Africa & the Slave Trades (HIST*4100) | College of Arts

Africa & the Slave Trades (HIST*4100)

Code and section: HIST*4100*01

Term: Fall 2021

Instructor: Femi Kolapo


Method of Delivery

HYBRID: Student seminar presentations on Monday will be in class (F2F), while questions & discussions on Wednesday will take place virtually and synchronously.

Course Synopsis

This course will run as a series of seminars and discussions that examine the nature of slavery and slave trade in Africa before the 19th century. Using select secondary and primary sources, the course will explore key topics and debates in the history and historiography of slavery in Africa up until the beginning of its abolition in the 19th century. Was slavery and slave trade in Africa of some essential characteristics similar or different from the famous Atlantic slavery? What were the origins of slavery in Africa? How did Islam and Christianity, gender, firearms, and state formation all impact and were impacted by slavery and slave trades before the 19th century. These and other topics will be the subject of our seminar discussions during the semester.

Learning Outcomes: 

By the end of this course students should be able to:

  1. identify key primary and secondary sources relevant to the study of slavery and the slave trades in Africa
  2. identify and explain the major topics and controversies that constitute the study of the history of slavery and the slave trades in Africa.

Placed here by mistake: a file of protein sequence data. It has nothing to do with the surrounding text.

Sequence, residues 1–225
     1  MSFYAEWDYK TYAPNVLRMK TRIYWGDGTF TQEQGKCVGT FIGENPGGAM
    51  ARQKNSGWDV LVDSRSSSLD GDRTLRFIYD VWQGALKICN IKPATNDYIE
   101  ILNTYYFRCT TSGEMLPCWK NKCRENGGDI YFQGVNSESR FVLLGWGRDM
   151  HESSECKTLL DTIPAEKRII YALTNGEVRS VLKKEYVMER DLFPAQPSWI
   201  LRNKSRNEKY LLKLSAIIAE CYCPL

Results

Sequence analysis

3. analyse the types and strengths and weaknesses of principal source evidence for the study of slavery and the slave trades in Africa 
  4. use relevant primary source evidence on slavery in Africa in historiographical analysis.
  5. organize scholarly evidence and effectively present views orally as well as in writing in formal setting and informal discussions (via the seminar presentations, discussions, and a final exam).
  6. fulfil the role of professional historians by preparing for and writing a final history project requiring a successful search for, selection, and interpretation of relevant primary and secondary source evidence.




  • 50% Seminar presentation (25%) & preparation / class discussion (25%)    
  • 40% Final project/essay based on select primary sources
  • 10% Final Exam                 

Required Texts: 

Links to assigned reading materials will be on Course Reserve, Course Link, or will otherwise be freely available via OMNI or Google search.

**Please note:  This is a preliminary web course description only.  The department reserves the right to change without notice any information in this description.  The final, binding course outline will be distributed in the first class of the semester.**